Immortality is something that we all dream of at one point or another. What we could do with infinite life span, or even just a couple more decades, is a subject of great debate in many forms of art and morality. While Self/Less isn’t the first film to toy with these themes, it’s the first in a while to do so while straddling two different genres: science fiction and action. Not only does it effectively manage to walk the line between the two, it also manages to re-introduce the world to the talent and promise of Ryan Reynolds.
Damian (Ben Kingsley) is the king of New York real estate, and while he’s the man who has everything on the outside, the inside tells a different story. With cancer ravaging his body, and time running short, Damian turns to an enigmatic genius (Matthew Goode) who promises him a way to cheat death. While he’ll have to turn his back on his old life, he’ll gain decades by “shedding” his current form and transferring his consciousness to a new body (Ryan Reynolds). What begins as a novel enough idea turns into something much more sinister, and with the walls closing in around Damian’s investigation into his new identity, he might have a shorter second lap than anticipated.
Self/Less is the antithesis to a summer blockbuster, but at the same time it shows moments of blockbuster filmmaking that turn the film into quite the interesting dichotomy. It’s quiet, with punctuated moments of action violence and score. It’s a thoughtful movie that manages to have one slip up that robs it of just a slight smidge of credibility. Yet with all of the duality the film exhibits, one thing that doesn’t waver is the thoughtfulness of the film. Self/Less pays such attention to its characters that you can actually understand their reactions and motivations with certain turns. Even the film’s villain is only a villain in the execution of his plan, but at the same time his plan isn’t leading to some sinister endgame. Its his means, not his goal, that make him a character to root against; and it’s refreshing to see a film with a fantastic premise preserving an economy of believability where it can.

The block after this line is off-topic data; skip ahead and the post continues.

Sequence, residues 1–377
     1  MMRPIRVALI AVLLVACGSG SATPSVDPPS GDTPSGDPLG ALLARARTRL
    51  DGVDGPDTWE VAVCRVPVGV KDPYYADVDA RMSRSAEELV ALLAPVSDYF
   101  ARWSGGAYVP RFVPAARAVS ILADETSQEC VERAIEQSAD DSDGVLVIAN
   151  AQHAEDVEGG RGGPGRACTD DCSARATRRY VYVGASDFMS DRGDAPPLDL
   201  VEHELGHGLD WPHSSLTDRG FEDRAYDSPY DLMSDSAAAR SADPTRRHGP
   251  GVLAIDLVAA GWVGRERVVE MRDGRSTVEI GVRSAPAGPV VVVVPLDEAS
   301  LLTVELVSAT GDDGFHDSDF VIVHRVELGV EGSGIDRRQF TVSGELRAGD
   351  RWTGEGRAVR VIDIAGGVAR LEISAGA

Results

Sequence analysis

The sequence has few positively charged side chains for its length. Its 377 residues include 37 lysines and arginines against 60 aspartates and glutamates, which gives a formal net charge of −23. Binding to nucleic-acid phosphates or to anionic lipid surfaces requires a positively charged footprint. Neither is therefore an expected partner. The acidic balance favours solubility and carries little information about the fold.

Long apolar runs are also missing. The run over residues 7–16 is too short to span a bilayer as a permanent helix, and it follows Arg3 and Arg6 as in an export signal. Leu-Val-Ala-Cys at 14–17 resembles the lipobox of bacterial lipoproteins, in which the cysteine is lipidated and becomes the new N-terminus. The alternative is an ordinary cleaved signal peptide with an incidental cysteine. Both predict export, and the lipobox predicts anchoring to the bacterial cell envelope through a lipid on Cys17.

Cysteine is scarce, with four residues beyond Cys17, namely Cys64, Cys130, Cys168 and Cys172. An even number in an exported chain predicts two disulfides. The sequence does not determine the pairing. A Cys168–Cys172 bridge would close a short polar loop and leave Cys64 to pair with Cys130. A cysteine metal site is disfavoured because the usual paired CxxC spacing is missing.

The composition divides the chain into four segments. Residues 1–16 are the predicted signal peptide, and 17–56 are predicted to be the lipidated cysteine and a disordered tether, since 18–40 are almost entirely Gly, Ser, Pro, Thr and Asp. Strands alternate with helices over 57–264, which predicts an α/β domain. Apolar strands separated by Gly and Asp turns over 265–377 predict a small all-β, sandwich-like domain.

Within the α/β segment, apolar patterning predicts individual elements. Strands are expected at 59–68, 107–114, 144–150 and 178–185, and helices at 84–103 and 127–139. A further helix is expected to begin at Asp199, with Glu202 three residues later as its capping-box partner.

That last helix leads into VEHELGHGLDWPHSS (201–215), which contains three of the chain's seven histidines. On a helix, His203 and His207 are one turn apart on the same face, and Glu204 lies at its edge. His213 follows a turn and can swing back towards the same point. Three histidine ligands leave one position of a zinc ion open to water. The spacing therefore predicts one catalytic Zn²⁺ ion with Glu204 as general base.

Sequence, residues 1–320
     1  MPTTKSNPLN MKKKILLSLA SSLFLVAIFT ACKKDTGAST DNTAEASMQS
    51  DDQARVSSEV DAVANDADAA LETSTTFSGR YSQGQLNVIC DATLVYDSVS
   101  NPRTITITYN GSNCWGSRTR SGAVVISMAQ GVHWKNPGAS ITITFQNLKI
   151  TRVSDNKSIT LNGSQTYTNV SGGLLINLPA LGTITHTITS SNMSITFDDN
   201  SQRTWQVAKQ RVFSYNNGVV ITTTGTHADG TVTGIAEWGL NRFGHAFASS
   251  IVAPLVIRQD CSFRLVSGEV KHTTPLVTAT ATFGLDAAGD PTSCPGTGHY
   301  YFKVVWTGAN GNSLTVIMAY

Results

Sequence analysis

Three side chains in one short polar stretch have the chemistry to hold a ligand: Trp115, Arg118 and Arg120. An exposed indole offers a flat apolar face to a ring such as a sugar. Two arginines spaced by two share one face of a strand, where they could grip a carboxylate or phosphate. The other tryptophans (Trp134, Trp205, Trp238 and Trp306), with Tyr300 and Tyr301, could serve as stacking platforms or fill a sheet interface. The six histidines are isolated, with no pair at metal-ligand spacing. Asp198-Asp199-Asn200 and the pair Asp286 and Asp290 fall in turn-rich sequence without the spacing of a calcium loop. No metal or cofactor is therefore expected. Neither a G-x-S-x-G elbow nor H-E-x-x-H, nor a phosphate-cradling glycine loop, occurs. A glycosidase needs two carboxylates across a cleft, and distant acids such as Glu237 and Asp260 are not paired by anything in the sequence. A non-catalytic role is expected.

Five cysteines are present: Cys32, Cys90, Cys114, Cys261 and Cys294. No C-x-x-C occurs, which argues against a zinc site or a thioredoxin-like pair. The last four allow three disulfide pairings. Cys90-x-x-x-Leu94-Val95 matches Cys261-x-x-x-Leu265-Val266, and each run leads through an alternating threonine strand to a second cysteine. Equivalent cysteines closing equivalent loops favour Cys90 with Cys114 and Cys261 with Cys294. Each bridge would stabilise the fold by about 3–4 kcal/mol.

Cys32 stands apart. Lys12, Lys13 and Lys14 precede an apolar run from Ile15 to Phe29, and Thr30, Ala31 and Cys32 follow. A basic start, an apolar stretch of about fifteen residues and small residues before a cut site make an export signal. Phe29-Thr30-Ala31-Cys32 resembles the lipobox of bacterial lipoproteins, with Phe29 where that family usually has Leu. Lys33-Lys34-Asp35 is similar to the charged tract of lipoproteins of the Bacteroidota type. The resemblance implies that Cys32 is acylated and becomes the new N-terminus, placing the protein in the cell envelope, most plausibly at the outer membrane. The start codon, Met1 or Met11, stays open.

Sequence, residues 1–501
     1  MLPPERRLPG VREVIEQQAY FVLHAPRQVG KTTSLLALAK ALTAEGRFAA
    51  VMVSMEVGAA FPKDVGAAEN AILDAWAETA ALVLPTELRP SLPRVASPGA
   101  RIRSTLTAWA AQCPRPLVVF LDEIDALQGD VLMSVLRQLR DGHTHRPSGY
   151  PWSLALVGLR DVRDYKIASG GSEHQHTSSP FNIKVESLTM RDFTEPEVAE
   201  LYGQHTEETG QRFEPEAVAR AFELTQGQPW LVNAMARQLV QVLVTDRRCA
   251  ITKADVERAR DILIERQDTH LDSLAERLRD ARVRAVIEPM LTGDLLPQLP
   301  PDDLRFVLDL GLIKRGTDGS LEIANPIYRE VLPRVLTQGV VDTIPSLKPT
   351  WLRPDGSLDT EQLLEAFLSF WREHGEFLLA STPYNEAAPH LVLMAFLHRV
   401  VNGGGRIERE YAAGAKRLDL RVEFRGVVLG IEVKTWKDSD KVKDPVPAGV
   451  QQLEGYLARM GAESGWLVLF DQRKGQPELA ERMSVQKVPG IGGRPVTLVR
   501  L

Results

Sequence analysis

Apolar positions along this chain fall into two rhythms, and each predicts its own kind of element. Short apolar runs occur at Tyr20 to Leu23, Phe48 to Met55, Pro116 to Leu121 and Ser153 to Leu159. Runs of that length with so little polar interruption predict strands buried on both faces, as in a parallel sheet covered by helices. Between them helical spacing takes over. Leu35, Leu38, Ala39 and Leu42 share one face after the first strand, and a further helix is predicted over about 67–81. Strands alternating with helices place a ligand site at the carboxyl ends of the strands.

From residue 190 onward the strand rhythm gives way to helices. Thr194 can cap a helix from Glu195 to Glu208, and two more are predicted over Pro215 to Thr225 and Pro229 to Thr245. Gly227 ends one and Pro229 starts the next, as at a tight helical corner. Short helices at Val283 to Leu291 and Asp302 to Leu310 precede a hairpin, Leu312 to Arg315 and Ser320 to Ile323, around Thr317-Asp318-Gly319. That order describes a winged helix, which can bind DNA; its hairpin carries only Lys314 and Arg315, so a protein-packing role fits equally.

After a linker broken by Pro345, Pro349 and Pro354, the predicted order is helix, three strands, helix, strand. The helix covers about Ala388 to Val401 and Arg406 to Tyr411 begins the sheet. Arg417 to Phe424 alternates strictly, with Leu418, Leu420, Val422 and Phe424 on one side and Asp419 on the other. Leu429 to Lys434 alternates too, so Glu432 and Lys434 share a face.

At the heart of this film is the performance of Ryan Reynolds, and it’s a performance that reminds me a lot of the Reynolds we saw about a decade ago. When Ryan Reynolds was on the cusp of the stardom that eventually eluded him, the roles he picked were both films that fit him perfectly (like the underrated Just Friends) as well as films that broke him out of his stereotypical mold (like Smokin’ Aces). Self/Less feeds more into the second pot of roles, but draws from the first when it needs to, leading to the most balanced and effective performance that Ryan Reynolds has given in a good long while, if ever. While the supporting cast is filled with actors that are all stars in their own right, and all given their own moments, it’s Reynolds’s show - and he carries it admirably.
The best part about Self/Less is that it makes such an illogical screw up in one scene during the third act that you can forgive it for this sin. If anything, the way the film handles the relationship between Ryan Reynolds and his film daughter more than makes up for this lapse in judgment, as it manages to give us a child character that is as delightful and endearing as the script wants us to think. The humanity of Tarsem Singh’s latest film grounds the fantastical premise, and overall the film works because it trusts the characters to drive the action, not the other way around. A visually stunning piece of work, Self/Less is a film that deserves to be talked about proudly amidst the noise of the summer blockbuster season.